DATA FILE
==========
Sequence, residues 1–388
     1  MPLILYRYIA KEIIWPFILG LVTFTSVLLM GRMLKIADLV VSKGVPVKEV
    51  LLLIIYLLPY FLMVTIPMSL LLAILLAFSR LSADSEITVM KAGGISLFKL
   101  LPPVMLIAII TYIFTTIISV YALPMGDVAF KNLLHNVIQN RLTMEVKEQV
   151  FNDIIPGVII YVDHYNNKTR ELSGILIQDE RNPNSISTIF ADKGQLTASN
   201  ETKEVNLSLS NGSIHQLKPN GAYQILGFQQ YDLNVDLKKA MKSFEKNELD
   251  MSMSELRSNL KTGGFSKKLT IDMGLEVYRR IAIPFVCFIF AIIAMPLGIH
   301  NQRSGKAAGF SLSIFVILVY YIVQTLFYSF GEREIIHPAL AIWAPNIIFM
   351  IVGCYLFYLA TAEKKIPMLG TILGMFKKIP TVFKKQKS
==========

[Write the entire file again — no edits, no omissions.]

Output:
Sequence, residues 1–388
     1  MPLILYRYIA KEIIWPFILG LVTFTSVLLM GRMLKIADLV VSKGVPVKEV
    51  LLLIIYLLPY FLMVTIPMSL LLAILLAFSR LSADSEITVM KAGGISLFKL
   101  LPPVMLIAII TYIFTTIISV YALPMGDVAF KNLLHNVIQN RLTMEVKEQV
   151  FNDIIPGVII YVDHYNNKTR ELSGILIQDE RNPNSISTIF ADKGQLTASN
   201  ETKEVNLSLS NGSIHQLKPN GAYQILGFQQ YDLNVDLKKA MKSFEKNELD
   251  MSMSELRSNL KTGGFSKKLT IDMGLEVYRR IAIPFVCFIF AIIAMPLGIH
   301  NQRSGKAAGF SLSIFVILVY YIVQTLFYSF GEREIIHPAL AIWAPNIIFM
   351  IVGCYLFYLA TAEKKIPMLG TILGMFKKIP TVFKKQKS